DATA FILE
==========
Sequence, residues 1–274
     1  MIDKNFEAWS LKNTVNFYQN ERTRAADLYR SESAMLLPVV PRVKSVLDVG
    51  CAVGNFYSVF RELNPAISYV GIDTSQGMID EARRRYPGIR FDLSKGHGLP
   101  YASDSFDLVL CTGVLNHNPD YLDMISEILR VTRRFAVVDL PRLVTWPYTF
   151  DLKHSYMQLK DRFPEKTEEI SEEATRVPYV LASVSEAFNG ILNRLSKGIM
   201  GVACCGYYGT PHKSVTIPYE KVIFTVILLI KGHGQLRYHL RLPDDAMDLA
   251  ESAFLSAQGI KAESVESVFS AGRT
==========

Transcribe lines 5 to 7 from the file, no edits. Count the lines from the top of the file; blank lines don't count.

   151  DLKHSYMQLK DRFPEKTEEI SEEATRVPYV LASVSEAFNG ILNRLSKGIM
   201  GVACCGYYGT PHKSVTIPYE KVIFTVILLI KGHGQLRYHL RLPDDAMDLA
   251  ESAFLSAQGI KAESVESVFS AGRT